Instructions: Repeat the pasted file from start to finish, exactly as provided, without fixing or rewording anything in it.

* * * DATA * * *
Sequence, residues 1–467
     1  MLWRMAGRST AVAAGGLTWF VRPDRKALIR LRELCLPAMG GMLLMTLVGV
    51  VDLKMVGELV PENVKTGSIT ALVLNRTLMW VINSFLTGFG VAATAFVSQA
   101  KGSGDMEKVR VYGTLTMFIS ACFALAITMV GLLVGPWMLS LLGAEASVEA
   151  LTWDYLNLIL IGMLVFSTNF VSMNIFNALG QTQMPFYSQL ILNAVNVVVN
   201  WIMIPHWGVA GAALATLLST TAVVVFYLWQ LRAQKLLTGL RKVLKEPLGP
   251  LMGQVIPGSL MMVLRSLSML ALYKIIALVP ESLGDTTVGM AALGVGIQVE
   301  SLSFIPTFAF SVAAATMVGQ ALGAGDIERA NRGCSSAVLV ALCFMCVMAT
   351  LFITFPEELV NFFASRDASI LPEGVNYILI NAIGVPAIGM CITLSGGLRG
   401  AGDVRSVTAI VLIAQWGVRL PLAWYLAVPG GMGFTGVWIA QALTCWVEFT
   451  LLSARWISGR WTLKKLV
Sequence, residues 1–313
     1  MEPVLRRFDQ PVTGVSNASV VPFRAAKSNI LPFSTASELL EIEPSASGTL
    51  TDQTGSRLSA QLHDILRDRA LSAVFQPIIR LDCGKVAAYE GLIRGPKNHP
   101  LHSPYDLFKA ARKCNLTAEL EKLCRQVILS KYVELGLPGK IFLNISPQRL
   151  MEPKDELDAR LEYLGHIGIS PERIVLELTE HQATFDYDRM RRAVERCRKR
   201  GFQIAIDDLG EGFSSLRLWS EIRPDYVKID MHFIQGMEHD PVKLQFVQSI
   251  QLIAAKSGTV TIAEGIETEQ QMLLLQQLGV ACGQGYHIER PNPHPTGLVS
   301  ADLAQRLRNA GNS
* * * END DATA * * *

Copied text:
Sequence, residues 1–467
     1  MLWRMAGRST AVAAGGLTWF VRPDRKALIR LRELCLPAMG GMLLMTLVGV
    51  VDLKMVGELV PENVKTGSIT ALVLNRTLMW VINSFLTGFG VAATAFVSQA
   101  KGSGDMEKVR VYGTLTMFIS ACFALAITMV GLLVGPWMLS LLGAEASVEA
   151  LTWDYLNLIL IGMLVFSTNF VSMNIFNALG QTQMPFYSQL ILNAVNVVVN
   201  WIMIPHWGVA GAALATLLST TAVVVFYLWQ LRAQKLLTGL RKVLKEPLGP
   251  LMGQVIPGSL MMVLRSLSML ALYKIIALVP ESLGDTTVGM AALGVGIQVE
   301  SLSFIPTFAF SVAAATMVGQ ALGAGDIERA NRGCSSAVLV ALCFMCVMAT
   351  LFITFPEELV NFFASRDASI LPEGVNYILI NAIGVPAIGM CITLSGGLRG
   401  AGDVRSVTAI VLIAQWGVRL PLAWYLAVPG GMGFTGVWIA QALTCWVEFT
   451  LLSARWISGR WTLKKLV
Sequence, residues 1–313
     1  MEPVLRRFDQ PVTGVSNASV VPFRAAKSNI LPFSTASELL EIEPSASGTL
    51  TDQTGSRLSA QLHDILRDRA LSAVFQPIIR LDCGKVAAYE GLIRGPKNHP
   101  LHSPYDLFKA ARKCNLTAEL EKLCRQVILS KYVELGLPGK IFLNISPQRL
   151  MEPKDELDAR LEYLGHIGIS PERIVLELTE HQATFDYDRM RRAVERCRKR
   201  GFQIAIDDLG EGFSSLRLWS EIRPDYVKID MHFIQGMEHD PVKLQFVQSI
   251  QLIAAKSGTV TIAEGIETEQ QMLLLQQLGV ACGQGYHIER PNPHPTGLVS
   301  ADLAQRLRNA GNS